Betty Lee Campbell-Ross


Mrs. Leonard Ross Disappears Mysteriously.

The mysterious walk away disappearance in Horton Saturday night of a 25 year old Kansas City, Kans. mother was still unsolved today after a two-day search by officers, relatives, and volunteers.

Although an extensive hunt was conducted and a state-wide alarm broadcast by radio, officers said this morning they had no clues as to the whereabouts of Mrs. Leonard Ross, who left the home of Roy Baxter here early Saturday evening and apparently vanished into the cold winter night.

Mr. and Mrs. Ross, former Horton residents, were here on a weekend visit at the Baxter home on East Tenth Street, Sheriff Virgil Kill said. According to the story related to Horton and Brown County officers, Mrs. Ross stepped out of the house, apparantly going to an outside toilet, and failed to return.

They told Sheriff Kill she threw a blue zipper jacket belonging to Baxter around her shoulders. She was wearing a red silk dress, but her coat was left in the house. When she did not reappear after some minutes, her husband went to look for her. He returned to the house, reported her abscence, and was joined by Baxter in the search.

Left a Young Baby.

After following her footprints in the now half a block west and a block north -- where they vanished -- Baxter and Ross, following more than an hour's search, came uptown to notify Horton police.

Officer Lars Larson, on duty, called in Officer Rola Wallingord, and they aided the two men in a longer search. No traces, except the footprints which ended abruptly at Eleventh street and Third Avenue East could be found.

Mrs. Ross is the mother of two sons, one five years old and a nine months-old baby, which is being breast-fed. The children were at the Baxter home Sunday and were taken to Mrs. Ross' sister, Mrs. Claude Talley of Grenada, who came here when notified of the disappearance.

After searching sheds and vacant lots Saturday night and Sunday morning, the officers and volunteers spent two hours Sunday afternoon dragging a small lake adjacent to the water and electric plant. Calls were placed to Kansas City, Kans. where the Ross family lived at 1010 Central. All known friends and relatives were contacted, here and elsewhere.

The lack of clues as to here whereabouts corresponded with the lack of possible motive. Sheriff Kill said neither Ross nor the Baxters could give officers any reasons the young woman might have for leaving. They said there had been no argument of any kind, that Mrs. Ross was apparently in her usual good spirits and that she said nothing when she left the house, Sheriff Kill said.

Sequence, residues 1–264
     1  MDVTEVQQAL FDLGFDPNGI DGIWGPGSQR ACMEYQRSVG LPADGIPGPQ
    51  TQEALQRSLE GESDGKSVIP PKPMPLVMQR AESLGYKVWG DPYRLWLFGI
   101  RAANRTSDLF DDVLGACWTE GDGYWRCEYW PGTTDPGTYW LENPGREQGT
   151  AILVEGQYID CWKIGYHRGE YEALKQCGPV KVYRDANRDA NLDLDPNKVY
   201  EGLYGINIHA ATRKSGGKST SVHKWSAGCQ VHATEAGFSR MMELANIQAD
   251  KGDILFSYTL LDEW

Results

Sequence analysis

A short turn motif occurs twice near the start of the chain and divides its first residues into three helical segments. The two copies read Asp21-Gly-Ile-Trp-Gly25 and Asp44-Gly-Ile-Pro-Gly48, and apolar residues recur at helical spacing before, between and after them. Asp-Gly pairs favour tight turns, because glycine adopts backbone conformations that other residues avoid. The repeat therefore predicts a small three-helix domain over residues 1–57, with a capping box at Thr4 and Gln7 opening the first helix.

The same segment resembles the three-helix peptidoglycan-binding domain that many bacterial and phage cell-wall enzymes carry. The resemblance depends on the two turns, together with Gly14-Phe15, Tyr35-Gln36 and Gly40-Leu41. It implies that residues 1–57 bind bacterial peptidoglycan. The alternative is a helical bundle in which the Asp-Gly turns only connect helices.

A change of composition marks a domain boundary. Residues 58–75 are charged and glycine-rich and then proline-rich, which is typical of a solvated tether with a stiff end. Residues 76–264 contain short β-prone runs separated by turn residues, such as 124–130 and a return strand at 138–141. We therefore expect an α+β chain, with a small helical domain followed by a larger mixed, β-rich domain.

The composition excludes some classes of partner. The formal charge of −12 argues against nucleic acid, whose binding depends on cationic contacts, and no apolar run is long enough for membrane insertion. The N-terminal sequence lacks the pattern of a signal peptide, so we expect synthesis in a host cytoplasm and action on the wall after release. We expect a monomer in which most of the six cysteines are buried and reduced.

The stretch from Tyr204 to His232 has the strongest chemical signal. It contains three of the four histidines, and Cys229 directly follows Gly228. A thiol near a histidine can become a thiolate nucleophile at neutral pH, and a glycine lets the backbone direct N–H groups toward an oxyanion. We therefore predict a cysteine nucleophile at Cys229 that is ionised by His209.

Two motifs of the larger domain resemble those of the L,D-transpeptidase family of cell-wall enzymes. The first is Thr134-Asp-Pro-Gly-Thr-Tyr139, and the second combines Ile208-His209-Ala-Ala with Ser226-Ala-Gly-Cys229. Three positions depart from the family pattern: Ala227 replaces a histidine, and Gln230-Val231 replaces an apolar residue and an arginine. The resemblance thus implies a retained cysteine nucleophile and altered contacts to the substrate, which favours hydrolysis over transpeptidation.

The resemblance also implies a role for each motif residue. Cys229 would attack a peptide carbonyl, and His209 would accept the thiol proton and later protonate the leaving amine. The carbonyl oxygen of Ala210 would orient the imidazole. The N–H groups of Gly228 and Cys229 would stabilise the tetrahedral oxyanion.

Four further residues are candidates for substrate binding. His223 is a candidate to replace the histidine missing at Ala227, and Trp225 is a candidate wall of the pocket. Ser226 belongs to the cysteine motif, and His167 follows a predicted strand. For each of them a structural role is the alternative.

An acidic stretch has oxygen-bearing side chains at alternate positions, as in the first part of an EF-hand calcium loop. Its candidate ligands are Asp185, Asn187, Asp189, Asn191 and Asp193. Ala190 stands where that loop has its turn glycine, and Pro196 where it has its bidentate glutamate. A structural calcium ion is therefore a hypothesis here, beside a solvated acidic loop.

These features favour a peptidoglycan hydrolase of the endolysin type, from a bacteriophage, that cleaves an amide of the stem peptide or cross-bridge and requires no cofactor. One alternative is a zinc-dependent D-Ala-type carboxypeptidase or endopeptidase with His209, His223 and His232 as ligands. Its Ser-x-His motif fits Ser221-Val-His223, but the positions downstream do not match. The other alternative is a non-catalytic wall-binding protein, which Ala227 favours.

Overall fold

Just a Slim Clue

Officers who participated in the search included all three Horton officers, W. L. Clark, Larson, and Wallingford, both Sheriff Virgil Kill and Undersheriff Homer Kipp of Hiawatha, and State Highway Patrolman Noel Coleman.

Mr. Ross, son of Marion Ross of Horton, had been living in Kansas City about six months. The family frequently came here on weekends to visit, the officers were told.

Officer Larson said there were no automobile tracks in the snow Saturday night where the woman's footprints ended, casting doubt on the possibility that she might have entered a motor car. She left no note, so far as investigation has yet been able to determine.

Only possible motive, Sheriff Kill said, was Mrs. Baxter's statement that Mrs. Ross once said she would die before she had another child. The officers did not know, however, if she was an expectant mother.

On this slim clue, which led to her relatives to believe she might have taken her own life, the investigators were asked to drag the lake. With volunteers from the fire department and several city employees, hooks and poles were raked along the bottom of the little lake for two hours Sunday afternoon without any tangible results.

Active searching by the sheriff's office and police was abandoned Sunday night, although the investigation is being continued.

From the Horton Headlight - 11-14-1941 p. 1


Body of Mrs. L. Ross Is Found in Road Ditch

Body of Mrs. Leonard Ross, 25, of Kansas City, who disappeared from the home of friends, Mr. Mrs. Roy Baxter at Horton, Saturday night, was found 5 o'clock Monday evening by Calvin Plummer, of Horton, who had visited his mother, Mrs. Bessie Sutton, a Sutton home about 30 yards from where the body of Mrs. Ross lay face down in the roadside ditch. Mr. Plummer was getting in his car when he saw the body.

Brown County officers, Sheriff Virgil Kill, Undersheriff Homer G. Kipp, Coroner Paul E. Conrad, Rob't M. Finley, county attorney, were summoned to Horton to make investigation before removal of body to undertaking parlors. Pictures were taken of the body before it was removed to be used at coroners inquest held Tuesday afternoon.